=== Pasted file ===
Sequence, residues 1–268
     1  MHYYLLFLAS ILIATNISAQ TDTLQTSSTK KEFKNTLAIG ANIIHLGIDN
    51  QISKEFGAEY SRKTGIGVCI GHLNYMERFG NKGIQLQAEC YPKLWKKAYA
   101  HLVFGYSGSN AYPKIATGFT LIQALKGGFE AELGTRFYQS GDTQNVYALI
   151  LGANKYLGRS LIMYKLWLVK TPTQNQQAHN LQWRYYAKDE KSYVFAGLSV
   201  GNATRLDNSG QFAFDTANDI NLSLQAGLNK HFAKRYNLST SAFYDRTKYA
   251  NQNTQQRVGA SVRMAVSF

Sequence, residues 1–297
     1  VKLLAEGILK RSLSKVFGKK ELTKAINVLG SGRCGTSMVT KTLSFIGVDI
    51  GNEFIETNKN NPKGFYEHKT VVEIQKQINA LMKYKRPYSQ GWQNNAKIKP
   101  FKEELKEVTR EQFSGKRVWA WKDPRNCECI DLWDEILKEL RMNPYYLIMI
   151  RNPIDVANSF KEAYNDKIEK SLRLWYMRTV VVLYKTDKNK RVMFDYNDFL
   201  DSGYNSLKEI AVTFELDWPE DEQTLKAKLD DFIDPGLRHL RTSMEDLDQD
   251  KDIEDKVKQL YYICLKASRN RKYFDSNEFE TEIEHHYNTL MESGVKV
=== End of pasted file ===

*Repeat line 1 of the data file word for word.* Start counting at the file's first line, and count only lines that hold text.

Sequence, residues 1–268